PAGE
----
Michael Bloch tells the story of one of the more unusual dynasties related to the Windsors.

The quest for spiritual virtue through personal austerity drove many Eastern Christians to lead solitary lives as hermits surviving in the wilderness. Andrew Jotischky describes how indifference to food became an integral part of the monastic ideal in the Byzantine era, one revived in the West in the 11th and 12th centuries.

The editor answers your correspondence this month.

Richard Almond describes how some rare wall paintings help shed light on medieval hunting.

As a major new exhibition on the Aesthetic Movement opens at the Victoria and Albert Museum, Richard Cavendish explores Bedford Park, the garden suburb inspired by the movement’s ideals.

Paul lay introduces the April issue of our 61st volume.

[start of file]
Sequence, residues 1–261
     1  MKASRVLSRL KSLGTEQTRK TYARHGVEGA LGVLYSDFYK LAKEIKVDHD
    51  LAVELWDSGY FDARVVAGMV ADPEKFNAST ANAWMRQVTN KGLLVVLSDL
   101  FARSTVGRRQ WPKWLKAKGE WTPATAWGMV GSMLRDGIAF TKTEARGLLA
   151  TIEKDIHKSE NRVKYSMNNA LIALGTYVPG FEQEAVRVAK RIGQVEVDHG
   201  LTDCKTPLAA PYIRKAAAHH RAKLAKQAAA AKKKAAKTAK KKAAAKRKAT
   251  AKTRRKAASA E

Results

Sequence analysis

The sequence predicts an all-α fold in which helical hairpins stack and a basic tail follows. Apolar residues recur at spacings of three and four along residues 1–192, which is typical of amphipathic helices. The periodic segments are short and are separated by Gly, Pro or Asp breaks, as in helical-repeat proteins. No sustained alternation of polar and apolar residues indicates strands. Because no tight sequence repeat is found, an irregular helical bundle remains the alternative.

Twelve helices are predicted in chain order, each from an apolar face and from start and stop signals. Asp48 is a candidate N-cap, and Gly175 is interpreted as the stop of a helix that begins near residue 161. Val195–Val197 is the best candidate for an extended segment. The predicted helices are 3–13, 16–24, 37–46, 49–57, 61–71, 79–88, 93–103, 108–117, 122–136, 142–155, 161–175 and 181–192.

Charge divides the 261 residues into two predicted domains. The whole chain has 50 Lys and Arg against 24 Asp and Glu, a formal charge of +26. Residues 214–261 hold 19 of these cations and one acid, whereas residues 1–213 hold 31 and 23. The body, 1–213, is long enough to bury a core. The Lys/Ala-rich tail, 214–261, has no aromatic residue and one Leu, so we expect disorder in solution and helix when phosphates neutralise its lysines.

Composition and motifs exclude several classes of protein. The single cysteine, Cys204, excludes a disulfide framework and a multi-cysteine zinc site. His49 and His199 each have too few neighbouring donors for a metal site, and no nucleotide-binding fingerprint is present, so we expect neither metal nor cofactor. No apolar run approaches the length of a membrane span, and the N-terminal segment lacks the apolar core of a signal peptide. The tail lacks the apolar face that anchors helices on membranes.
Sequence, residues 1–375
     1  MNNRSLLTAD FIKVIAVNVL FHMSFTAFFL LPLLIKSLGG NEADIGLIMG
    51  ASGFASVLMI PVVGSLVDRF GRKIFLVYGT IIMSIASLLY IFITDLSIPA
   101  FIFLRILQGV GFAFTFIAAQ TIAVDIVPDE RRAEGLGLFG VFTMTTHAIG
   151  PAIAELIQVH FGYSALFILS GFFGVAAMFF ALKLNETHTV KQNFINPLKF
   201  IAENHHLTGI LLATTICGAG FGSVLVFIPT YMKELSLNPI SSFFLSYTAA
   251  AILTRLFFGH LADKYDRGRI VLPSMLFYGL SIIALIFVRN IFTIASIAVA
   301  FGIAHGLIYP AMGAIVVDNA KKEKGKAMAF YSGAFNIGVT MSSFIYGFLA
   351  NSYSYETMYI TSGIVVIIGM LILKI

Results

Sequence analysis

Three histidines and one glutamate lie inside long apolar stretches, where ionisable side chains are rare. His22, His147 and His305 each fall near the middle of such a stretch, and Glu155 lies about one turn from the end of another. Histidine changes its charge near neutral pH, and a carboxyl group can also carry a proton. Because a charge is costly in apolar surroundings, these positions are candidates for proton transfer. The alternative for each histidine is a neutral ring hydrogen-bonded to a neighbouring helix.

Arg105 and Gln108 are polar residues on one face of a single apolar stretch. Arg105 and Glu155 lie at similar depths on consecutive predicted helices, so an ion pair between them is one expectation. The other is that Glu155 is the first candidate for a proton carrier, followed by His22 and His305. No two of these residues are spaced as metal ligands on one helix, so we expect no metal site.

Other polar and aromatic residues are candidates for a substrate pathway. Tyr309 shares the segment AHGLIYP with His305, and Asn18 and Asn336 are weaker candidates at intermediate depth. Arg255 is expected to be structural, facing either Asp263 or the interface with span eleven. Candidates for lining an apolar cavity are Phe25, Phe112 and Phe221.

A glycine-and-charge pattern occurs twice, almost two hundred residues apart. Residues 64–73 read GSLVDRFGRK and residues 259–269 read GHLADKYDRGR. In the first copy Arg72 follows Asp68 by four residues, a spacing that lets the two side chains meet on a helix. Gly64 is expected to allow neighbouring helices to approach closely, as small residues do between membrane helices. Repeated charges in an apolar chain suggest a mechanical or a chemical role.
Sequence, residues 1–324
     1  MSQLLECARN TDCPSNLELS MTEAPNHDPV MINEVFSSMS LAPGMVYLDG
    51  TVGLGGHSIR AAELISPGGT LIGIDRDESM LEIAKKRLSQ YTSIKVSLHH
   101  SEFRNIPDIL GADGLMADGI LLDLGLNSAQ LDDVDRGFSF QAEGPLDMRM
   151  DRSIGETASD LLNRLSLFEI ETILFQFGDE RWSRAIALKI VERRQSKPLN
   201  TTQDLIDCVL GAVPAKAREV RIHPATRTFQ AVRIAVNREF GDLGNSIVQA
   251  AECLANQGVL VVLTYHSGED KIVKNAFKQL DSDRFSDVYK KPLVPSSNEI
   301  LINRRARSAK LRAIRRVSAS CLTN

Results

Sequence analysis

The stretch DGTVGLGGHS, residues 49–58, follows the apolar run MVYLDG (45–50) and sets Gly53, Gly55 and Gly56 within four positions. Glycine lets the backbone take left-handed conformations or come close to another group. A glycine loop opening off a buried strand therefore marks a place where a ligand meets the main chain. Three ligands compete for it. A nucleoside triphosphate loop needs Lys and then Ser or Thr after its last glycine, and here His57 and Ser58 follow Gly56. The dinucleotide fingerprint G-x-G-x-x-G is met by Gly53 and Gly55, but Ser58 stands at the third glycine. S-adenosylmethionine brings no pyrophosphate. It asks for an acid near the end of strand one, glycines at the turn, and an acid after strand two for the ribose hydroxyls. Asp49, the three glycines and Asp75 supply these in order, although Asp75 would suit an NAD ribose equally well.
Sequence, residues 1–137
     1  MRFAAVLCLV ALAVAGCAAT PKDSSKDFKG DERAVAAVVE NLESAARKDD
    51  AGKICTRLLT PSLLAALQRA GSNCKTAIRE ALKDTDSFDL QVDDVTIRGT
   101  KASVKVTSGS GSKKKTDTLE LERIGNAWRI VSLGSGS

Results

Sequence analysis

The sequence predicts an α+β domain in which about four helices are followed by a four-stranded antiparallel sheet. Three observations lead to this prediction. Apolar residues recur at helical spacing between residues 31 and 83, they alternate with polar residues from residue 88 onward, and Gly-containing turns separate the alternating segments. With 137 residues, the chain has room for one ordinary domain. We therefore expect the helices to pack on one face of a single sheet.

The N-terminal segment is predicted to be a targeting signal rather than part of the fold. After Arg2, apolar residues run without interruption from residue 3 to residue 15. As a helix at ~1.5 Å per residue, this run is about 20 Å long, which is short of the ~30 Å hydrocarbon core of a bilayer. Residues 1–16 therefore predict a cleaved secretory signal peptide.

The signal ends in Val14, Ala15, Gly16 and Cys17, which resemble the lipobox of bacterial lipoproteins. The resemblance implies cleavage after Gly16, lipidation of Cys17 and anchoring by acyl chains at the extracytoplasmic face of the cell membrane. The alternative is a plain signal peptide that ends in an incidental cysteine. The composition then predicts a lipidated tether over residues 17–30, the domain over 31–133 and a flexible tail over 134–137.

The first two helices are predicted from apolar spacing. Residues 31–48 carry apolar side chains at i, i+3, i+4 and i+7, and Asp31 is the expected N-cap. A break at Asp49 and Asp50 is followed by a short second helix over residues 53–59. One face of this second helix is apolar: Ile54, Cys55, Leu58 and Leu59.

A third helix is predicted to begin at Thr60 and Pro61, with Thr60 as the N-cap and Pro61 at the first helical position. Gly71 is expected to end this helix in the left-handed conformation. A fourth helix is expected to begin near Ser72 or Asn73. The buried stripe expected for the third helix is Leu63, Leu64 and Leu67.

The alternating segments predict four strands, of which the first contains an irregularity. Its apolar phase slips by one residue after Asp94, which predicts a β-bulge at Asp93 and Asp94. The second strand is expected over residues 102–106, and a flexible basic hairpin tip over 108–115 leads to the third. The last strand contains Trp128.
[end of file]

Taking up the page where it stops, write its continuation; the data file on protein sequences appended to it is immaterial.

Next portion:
Stephen Alford admires a perceptive article on Lord Burghley, Elizabeth I’s ally and consummate political fixer, by the distinguished Tudor historian Joel Hurstfield, first published in the 1956 volume of History Today.

Since its discovery in Yemen in 1972 a collection of brittle documents, believed to be among the earliest Koranic texts, has been the subject of fierce and divisive debate among scholars of Islamic history, as Scott MacMillan reports.

In the light of current events in North Africa and the Middle East, David Motadel examines the increasing frequency of popular rebellions around the world.

Modern day obituaries often speak of illnesses ‘bravely fought’, but the history of pain, a defining and constant experience in lives throughout history, lacks a substantial literature, argues Joanna Bourke.

In this highly original and literary meditation on poetry and war Daniel Swift trawls through British, German and Dutch archives to trace the short life of his grandfather, James Eric Swift of 83 Squadron RAF, whose Lancaster bomber was brought down during a night raid targetting Münster in 1943. From that one terrible incident the author opens his study out in an attempt to understand how poets, novelists and artists tried to capture the experience of living through the Second World War.